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The Royal Air Force Music


When Sir Walford Davies and Sir George Dyson worked together to establish music in the newly formed Royal Air Force, they recognised the need for bands that would inspire the early airmen and give them a sense of pride in their new service.

The Central Band of the Royal Air Force was established in 1920 and since its formation has played an integral and unique role in military life and in the musical world. In 1922 they were the first military band to broadcast on the BBC.

They play a vital part in State Ceremonial events, as well as performing across the United Kingdom in support of Service charities and Military Tattoos. Central Band have led several commemoration events including the RAF Centenary parade through London in July 2018 when 100 RAF musicians led the parade of over 1000 RAF servicemen and women down the Mall to Buckingham Palace.

Royal Air Force Music, based at RAF Northolt and RAFC Cranwell, incorporates:

Headquarters Music Services
Central Band of the Royal Air Force
The Royal Air Force Squadronaires
The Band of the Royal Air Force College
The Royal Air Force Swing Wing
Band of the Royal Air Force Regiment
The Royal Air Force Shades of Blue
The Royal Air Force Salon Orchestra
The Band of the Royal Auxiliary Air Force

Why not click on the link below and head over to our Youtube Channel to watch the RAF Central Band in action.

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Corps of Drums


From the early 1900’s there was a Drum and Flute band on the strength of every Infantry battalions. There is still today a Corps of Drums on the strength of all Guards and English and Welsh Line Infantry battalions, although the soldier of today has to combine his skill as a Drummer with designated duties as a Line Infantry Soldier.

The Duty of providing music became the task of the Corps of Drums, this has now been formalised into the ceremony of Beating Retreat, a pleasant event borne out of military necessity.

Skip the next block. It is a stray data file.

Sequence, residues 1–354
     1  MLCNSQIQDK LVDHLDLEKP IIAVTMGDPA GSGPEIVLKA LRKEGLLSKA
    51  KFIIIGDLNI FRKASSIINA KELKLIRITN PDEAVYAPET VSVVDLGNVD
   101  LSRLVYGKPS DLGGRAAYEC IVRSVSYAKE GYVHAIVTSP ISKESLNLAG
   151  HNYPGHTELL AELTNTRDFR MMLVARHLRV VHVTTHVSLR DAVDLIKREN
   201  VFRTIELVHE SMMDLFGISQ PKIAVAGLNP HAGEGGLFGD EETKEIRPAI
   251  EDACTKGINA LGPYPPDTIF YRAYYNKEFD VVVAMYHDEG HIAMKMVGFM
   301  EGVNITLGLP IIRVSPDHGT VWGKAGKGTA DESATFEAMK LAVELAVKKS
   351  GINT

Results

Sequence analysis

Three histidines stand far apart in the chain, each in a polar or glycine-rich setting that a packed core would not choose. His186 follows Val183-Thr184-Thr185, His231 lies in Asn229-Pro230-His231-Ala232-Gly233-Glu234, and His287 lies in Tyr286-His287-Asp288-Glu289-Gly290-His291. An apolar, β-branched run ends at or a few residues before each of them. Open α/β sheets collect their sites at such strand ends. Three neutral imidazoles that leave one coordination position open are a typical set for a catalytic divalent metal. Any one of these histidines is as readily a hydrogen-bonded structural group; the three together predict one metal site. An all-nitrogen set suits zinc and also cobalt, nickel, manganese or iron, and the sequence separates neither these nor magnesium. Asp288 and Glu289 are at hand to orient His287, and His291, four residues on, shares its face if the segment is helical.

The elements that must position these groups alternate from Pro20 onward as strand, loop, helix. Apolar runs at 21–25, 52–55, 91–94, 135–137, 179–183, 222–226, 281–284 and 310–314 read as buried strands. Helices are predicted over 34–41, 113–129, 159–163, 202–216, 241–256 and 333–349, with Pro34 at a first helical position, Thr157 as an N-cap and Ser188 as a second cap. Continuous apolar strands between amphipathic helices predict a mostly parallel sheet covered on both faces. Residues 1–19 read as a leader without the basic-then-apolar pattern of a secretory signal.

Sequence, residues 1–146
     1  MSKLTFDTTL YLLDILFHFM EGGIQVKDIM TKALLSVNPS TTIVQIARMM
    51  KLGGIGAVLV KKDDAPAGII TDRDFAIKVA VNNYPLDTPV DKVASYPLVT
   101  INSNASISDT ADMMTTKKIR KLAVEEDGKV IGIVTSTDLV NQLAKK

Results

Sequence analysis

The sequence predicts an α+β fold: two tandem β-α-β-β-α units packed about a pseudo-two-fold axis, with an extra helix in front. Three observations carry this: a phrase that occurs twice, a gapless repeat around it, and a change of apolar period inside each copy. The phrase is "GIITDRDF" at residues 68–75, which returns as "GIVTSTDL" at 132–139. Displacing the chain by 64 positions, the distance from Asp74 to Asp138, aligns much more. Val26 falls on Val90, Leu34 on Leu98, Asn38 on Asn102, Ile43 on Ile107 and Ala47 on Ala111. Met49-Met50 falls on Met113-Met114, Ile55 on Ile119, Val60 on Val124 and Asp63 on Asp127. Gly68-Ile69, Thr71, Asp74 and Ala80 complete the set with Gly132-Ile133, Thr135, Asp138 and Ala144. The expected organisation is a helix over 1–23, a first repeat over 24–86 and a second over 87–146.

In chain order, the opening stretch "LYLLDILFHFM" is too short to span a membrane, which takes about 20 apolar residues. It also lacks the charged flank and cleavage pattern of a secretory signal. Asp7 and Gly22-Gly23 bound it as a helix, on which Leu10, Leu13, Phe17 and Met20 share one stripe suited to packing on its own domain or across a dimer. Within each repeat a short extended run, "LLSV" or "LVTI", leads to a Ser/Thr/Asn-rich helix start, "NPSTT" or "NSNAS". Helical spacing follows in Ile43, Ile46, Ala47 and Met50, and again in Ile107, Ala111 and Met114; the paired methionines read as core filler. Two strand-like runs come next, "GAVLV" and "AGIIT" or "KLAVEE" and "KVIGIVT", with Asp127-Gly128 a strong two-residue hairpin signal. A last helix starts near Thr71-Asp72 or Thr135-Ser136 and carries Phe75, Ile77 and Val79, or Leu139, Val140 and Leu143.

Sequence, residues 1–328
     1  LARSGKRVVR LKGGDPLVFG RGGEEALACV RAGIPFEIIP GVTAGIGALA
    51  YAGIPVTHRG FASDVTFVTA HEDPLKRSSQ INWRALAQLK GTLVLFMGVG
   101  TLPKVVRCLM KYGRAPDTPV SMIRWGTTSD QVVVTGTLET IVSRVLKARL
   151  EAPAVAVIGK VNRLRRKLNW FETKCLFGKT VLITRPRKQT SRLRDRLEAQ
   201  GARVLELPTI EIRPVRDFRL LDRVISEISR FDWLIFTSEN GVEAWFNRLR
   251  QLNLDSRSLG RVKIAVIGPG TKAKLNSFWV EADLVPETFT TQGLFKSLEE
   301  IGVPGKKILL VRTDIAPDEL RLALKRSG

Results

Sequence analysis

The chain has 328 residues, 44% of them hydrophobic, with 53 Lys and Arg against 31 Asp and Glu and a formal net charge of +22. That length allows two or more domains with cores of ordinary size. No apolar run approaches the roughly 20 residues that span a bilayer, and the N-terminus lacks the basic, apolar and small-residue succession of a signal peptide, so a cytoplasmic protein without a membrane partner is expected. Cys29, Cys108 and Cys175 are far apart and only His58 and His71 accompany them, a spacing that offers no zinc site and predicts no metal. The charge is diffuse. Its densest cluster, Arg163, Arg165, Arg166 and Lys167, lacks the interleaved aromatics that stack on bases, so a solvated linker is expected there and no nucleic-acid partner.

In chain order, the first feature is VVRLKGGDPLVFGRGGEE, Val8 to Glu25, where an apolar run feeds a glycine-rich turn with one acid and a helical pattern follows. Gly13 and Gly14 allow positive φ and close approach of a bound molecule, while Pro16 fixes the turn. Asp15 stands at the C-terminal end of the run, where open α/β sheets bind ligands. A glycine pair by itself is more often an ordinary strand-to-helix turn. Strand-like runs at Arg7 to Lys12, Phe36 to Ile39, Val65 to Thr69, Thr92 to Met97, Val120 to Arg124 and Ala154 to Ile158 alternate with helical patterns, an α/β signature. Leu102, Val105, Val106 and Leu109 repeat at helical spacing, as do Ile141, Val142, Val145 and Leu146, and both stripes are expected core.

In due time the Military Band came into being but when the troops were on the march they were accompanied by the Drums some of the drummer boys being of a very tender age.

Some practical parts of the Drums duties have now passed into the ceremonial arena as have parts of the drum itself. The ropes seen to swing below the modern side drum were once used to carry it on one’s back when not in use.

It is also of interest to note that whatever instrument they play within the Corps all members are classified as Drummers. The Drum Major is an appointment and not a Rank.

A notable exception to this is that The Bands of HM Royal Marines Corps of Drums is staffed by Buglers, this comes from their origins as the Royal Marine Light Infantry, which amalgamated with the Royal Marine Artillery.

Next time you see the Royal Marines on parade in full dress note the difference in the Trouser stripe between the Corps of Drums and the Band!

Head over to our Youtube channel to see some Corps of Drums in action.

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Corps of Drums Society

To find out more about Corps of Drums, head over to the Corps of Drums Society website

by clicking on the image to the left.